I will also continue to blog about environmental history, among other things, but on my new website www.catherineknight.nz  My new website will also link to envirohistory NZ, so all past blogs will still be accessible. I will also be reblogging some of my old posts on the www.catherineknight.nz blog.

So, this is not goodbye, it is see you soon (I hope)!

Wainui – a beautiful river

Wainui River 1

The lower reaches of the Wainui River. Photo: C. Knight

In a recent trip to Golden Bay (named for its goldfields, discovered near Collingwood in 1857, though it could equally be named for its golden sand beaches), I had the privilege of visiting a wild river. Continue reading

Poems about New Zealand rivers

riverI am on a hunt … for poems about New Zealand rivers.

I have found a few by some of our well-known poets:

“The river in you” by Brian Turner

“Rangitikei River song” by Sam Hunt

Clutha V” by Denis Glover

And I am sure there are many others, though I am not sure how to find them, apart from searching through endless anthologies, or asking people much more widely read than I am (hint!). Continue reading

“Birmingham River” – a powerful environmental history in a poem

This image courtesy of www.geograph.org.uk, has a caption that reads: The River Rea alongside Cannon Hill Park, Birmingham This section of the Rea is canalised, and has a walkway alongside that nobody uses, people preferring to walk through the park instead.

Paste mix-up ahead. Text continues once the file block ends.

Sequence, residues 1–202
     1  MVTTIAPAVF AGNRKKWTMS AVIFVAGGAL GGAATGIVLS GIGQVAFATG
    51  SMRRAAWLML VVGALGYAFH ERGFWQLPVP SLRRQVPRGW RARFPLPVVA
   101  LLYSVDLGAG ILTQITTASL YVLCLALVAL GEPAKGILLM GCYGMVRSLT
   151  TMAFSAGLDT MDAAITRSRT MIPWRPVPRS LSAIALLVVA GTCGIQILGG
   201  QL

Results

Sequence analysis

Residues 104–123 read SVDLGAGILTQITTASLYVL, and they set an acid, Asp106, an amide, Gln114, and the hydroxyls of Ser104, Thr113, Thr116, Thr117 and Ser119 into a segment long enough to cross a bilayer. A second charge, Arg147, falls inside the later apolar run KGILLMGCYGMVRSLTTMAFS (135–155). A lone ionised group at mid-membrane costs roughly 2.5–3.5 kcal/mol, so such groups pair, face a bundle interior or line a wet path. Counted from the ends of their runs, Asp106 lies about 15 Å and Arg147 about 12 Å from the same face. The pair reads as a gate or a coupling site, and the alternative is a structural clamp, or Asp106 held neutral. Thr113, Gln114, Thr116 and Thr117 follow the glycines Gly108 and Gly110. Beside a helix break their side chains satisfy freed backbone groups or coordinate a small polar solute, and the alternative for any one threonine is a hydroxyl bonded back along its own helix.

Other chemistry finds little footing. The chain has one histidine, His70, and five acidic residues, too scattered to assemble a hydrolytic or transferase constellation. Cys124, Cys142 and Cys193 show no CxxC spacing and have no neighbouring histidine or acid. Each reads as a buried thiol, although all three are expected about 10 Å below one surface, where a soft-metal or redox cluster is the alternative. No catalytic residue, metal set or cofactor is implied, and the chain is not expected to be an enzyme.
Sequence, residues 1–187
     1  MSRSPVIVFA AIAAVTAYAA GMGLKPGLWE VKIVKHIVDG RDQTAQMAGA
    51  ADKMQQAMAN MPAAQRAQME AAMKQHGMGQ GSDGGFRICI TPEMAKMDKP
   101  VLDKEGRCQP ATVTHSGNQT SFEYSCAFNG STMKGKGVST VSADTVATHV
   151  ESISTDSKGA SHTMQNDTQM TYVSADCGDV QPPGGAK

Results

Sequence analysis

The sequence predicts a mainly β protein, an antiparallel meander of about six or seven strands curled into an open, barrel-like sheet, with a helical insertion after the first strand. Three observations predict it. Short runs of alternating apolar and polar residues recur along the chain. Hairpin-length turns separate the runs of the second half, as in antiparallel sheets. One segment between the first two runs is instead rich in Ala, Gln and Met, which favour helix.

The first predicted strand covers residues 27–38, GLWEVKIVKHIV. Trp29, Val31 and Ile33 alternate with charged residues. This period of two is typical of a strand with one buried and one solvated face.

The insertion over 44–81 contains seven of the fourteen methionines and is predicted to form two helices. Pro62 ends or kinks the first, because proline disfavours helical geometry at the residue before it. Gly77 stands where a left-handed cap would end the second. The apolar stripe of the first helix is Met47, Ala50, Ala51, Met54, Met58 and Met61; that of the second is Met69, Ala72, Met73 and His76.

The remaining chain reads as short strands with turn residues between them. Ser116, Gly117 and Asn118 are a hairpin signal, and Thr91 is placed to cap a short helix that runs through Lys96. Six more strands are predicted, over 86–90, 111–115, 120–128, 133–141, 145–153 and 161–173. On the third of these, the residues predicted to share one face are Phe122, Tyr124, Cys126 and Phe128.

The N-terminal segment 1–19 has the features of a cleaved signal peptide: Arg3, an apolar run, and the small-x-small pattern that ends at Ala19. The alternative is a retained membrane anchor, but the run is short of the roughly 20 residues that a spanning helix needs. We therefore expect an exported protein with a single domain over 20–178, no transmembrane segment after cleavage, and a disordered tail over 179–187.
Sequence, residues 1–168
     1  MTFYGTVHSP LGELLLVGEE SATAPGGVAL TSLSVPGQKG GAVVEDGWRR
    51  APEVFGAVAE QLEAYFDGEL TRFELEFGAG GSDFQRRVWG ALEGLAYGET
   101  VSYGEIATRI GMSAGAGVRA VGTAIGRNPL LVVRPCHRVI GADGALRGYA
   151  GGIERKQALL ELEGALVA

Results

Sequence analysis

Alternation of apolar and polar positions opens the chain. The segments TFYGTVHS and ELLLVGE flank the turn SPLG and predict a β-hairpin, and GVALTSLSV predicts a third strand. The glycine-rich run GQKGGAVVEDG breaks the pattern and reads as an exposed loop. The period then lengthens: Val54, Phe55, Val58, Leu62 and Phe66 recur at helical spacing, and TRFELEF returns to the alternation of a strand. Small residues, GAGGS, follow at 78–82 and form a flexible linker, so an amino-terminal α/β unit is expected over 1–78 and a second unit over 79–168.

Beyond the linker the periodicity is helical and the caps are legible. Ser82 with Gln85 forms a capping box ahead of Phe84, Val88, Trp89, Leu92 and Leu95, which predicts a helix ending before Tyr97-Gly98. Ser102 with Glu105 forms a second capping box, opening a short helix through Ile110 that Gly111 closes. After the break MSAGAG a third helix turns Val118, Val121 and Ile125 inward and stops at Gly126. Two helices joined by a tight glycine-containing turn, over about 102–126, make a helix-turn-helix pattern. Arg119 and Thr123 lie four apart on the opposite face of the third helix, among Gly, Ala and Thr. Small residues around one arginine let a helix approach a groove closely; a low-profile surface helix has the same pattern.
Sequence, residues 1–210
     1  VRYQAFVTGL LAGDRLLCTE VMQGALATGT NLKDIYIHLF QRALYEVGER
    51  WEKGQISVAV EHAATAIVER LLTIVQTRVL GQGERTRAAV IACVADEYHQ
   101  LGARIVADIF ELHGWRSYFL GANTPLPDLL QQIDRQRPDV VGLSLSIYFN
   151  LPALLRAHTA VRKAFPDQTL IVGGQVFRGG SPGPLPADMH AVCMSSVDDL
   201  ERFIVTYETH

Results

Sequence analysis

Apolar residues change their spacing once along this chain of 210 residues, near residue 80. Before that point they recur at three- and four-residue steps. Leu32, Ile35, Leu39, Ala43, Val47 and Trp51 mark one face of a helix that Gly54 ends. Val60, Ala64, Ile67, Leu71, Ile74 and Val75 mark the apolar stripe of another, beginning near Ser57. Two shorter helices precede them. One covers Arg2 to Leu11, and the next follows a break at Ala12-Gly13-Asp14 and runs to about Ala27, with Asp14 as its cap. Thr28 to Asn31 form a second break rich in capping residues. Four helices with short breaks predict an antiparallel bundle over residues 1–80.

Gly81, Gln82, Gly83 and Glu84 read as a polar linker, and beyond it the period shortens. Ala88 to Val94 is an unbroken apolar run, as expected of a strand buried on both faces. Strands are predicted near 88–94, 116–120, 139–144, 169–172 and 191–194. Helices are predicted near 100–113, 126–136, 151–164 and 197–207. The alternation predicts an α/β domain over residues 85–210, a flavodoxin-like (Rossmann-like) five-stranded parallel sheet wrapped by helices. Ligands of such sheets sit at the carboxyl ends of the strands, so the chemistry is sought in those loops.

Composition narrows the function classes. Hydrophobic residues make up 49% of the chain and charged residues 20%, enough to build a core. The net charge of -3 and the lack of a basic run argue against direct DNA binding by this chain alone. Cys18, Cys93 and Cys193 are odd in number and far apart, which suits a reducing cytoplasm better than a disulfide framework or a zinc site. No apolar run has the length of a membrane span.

This image courtesy of http://www.geograph.org.uk, has a caption that reads: The River Rea alongside Cannon Hill Park, Birmingham
This section of the Rea is canalised, and has a walkway alongside that nobody uses, people preferring to walk through the park instead.

In my exploration of different ways of writing about our relationship with the environment, I embarked on a search for poems about rivers. First and foremost, my interest was in poems describing New Zealand rivers, but then I stumbled across a poem by English poet Roy Fisher. Entitled “Birmingham River”, it is the story of the rivers (the River Tame and the River Rea) that run through the highly industrialised city of Birmingham.

This poem is an environmental history. Continue reading

Wild rivers

rafting

River rafting. Source: http://www.riverrats.co.nz

I recently had the great pleasure to read John Mackay’s book “Wild rivers”, published in 1978, in which he recounts with remarkable descriptive detail the rafting adventures he and his mates had during the 1970s. He describes adventures on the Upper Buller Gorge, the middle Clarence, the Motu, the Wanganui, and the Karamea – all undertaken on home-made rafts, constructed using inner tyre tubes, timber and ropes, with accessories such as life-jackets either borrowed or improvised. Continue reading